Set the BFD error handler function. Returns the previous function. bfd_set_error_program_name


     void bfd_set_error_program_name (const char *);

Set the program name to use when printing a BFD error. This is printed before the error message followed by a colon and space. The string must not be changed after it is passed to this function. bfd_get_error_handler


     bfd_error_handler_type bfd_get_error_handler (void);

Return the BFD error handler function.

2.3 Symbols bfd_get_reloc_upper_bound


     long bfd_get_reloc_upper_bound (bfd *abfd, asection *sect);

Return the number of bytes required to store the relocation information associated with section sect attached to bfd abfd. If an error occurs, return -1. bfd_canonicalize_reloc


     long bfd_canonicalize_reloc
        (bfd *abfd, asection *sec, arelent **loc, asymbol **syms);

Call the back end associated with the open BFD abfd and translate the external form of the relocation information attached to sec into the internal canonical form. Place the table into memory at loc, which has been preallocated, usually by a call to bfd_get_reloc_upper_bound. Returns the number of relocs, or -1 on error.

The syms table is also needed for horrible internal magic reasons. bfd_set_reloc


     void bfd_set_reloc
        (bfd *abfd, asection *sec, arelent **rel, unsigned int count);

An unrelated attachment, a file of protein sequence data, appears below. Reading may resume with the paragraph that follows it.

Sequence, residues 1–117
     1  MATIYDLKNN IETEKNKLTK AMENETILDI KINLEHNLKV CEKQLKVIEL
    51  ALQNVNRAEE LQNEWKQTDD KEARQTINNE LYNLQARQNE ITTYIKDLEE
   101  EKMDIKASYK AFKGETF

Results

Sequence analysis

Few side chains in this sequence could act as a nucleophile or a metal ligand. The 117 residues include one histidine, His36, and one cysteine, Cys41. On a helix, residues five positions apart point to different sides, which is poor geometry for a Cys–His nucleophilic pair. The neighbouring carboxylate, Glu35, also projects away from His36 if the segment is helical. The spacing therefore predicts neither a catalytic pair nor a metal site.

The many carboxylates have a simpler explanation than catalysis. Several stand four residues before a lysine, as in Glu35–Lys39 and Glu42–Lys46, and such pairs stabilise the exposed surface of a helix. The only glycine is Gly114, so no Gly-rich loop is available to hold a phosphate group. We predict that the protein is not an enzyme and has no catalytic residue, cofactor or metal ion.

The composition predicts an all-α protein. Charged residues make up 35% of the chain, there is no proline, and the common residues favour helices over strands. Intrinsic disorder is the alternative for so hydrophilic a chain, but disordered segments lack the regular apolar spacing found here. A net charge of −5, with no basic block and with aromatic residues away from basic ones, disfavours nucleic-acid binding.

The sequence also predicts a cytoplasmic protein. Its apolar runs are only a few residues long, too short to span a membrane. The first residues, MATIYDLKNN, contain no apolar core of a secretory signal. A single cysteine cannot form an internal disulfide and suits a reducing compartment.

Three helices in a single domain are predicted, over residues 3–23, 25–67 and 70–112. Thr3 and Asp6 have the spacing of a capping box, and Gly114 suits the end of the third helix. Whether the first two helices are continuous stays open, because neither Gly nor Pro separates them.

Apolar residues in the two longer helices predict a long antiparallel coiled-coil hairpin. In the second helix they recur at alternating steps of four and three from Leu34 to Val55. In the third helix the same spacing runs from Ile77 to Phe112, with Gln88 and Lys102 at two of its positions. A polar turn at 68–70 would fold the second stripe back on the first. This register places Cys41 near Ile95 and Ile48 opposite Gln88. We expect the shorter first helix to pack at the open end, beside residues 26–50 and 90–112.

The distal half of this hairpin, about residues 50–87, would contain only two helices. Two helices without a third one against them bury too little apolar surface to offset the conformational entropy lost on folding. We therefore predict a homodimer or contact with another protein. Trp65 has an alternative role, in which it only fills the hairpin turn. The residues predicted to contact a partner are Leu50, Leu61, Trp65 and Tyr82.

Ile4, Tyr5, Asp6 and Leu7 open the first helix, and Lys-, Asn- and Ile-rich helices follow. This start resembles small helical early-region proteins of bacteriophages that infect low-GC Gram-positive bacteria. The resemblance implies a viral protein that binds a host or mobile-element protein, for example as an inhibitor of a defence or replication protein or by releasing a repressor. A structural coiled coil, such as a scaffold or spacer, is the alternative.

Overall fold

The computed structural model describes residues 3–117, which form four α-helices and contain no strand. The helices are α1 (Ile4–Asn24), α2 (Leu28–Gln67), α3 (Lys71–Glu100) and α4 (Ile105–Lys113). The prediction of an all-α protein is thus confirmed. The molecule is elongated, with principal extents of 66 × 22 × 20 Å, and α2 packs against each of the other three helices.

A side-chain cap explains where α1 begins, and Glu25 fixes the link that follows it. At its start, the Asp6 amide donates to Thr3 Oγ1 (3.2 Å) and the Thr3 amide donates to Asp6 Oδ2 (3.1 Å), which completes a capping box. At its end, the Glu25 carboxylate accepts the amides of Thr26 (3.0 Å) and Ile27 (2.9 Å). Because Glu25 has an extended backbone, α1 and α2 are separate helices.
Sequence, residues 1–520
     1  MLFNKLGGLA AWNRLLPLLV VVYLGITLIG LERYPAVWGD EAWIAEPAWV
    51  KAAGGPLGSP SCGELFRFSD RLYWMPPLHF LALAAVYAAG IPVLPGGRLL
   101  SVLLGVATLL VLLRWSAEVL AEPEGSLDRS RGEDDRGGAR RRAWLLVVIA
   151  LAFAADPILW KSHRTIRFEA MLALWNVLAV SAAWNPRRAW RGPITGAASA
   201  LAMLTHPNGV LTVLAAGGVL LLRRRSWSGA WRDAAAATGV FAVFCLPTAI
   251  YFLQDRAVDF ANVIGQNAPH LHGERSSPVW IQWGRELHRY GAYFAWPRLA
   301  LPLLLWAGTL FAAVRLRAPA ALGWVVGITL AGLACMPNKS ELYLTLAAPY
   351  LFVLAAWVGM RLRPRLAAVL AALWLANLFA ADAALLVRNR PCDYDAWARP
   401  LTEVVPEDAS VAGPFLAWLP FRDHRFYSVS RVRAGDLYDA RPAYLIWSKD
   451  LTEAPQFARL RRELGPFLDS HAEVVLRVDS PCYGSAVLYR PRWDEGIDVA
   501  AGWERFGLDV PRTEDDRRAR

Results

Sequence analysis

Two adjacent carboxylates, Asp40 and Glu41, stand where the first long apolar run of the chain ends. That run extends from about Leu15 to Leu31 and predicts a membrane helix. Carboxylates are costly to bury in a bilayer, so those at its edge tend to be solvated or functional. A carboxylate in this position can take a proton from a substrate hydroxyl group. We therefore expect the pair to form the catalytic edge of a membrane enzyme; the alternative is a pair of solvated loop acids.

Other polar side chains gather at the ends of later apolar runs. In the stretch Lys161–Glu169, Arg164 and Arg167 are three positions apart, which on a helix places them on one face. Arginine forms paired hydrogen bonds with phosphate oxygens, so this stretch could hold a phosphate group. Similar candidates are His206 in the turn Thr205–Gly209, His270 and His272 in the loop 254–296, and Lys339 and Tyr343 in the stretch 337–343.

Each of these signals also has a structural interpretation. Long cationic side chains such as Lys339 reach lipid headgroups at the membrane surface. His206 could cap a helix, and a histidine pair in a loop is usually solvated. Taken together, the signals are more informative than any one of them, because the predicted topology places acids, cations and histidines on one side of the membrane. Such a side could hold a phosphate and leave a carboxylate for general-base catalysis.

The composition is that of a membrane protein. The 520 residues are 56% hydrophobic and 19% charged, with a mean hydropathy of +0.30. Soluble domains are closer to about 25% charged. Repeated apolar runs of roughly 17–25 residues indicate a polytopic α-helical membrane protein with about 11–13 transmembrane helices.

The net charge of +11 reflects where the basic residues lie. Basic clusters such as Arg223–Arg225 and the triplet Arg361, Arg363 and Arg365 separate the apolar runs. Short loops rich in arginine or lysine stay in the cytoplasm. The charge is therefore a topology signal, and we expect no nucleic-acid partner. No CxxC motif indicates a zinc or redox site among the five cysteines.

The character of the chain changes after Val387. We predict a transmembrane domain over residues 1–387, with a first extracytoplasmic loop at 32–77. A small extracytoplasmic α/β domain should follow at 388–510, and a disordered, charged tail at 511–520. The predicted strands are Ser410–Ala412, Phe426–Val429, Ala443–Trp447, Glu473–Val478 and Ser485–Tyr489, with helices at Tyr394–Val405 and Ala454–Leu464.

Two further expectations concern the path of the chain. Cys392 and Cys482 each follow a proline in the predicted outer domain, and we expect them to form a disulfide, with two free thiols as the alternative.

Set the relocation pointer and count within section sec to the values rel and count. The argument abfd is ignored. bfd_set_file_flags


     bfd_boolean bfd_set_file_flags (bfd *abfd, flagword flags);

Set the flag word in the BFD abfd to the value flags.

Possible errors are: bfd_get_arch_size


     int bfd_get_arch_size (bfd *abfd);

Returns the architecture address size, in bits, as determined by the object file's format. For ELF, this information is included in the header.

Returns the arch size in bits if known, -1 otherwise. bfd_get_sign_extend_vma


     int bfd_get_sign_extend_vma (bfd *abfd);

Indicates if the target architecture "naturally" sign extends an address. Some architectures implicitly sign extend address values when they are converted to types larger than the size of an address. For instance, bfd_get_start_address() will return an address sign extended to fill a bfd_vma when this is the case.

Returns 1 if the target architecture is known to sign extend addresses, 0 if the target architecture is known to not sign extend addresses, and -1 otherwise. bfd_set_start_address


     bfd_boolean bfd_set_start_address (bfd *abfd, bfd_vma vma);

Make vma the entry point of output BFD abfd.

Returns TRUE on success, FALSE otherwise. bfd_get_gp_size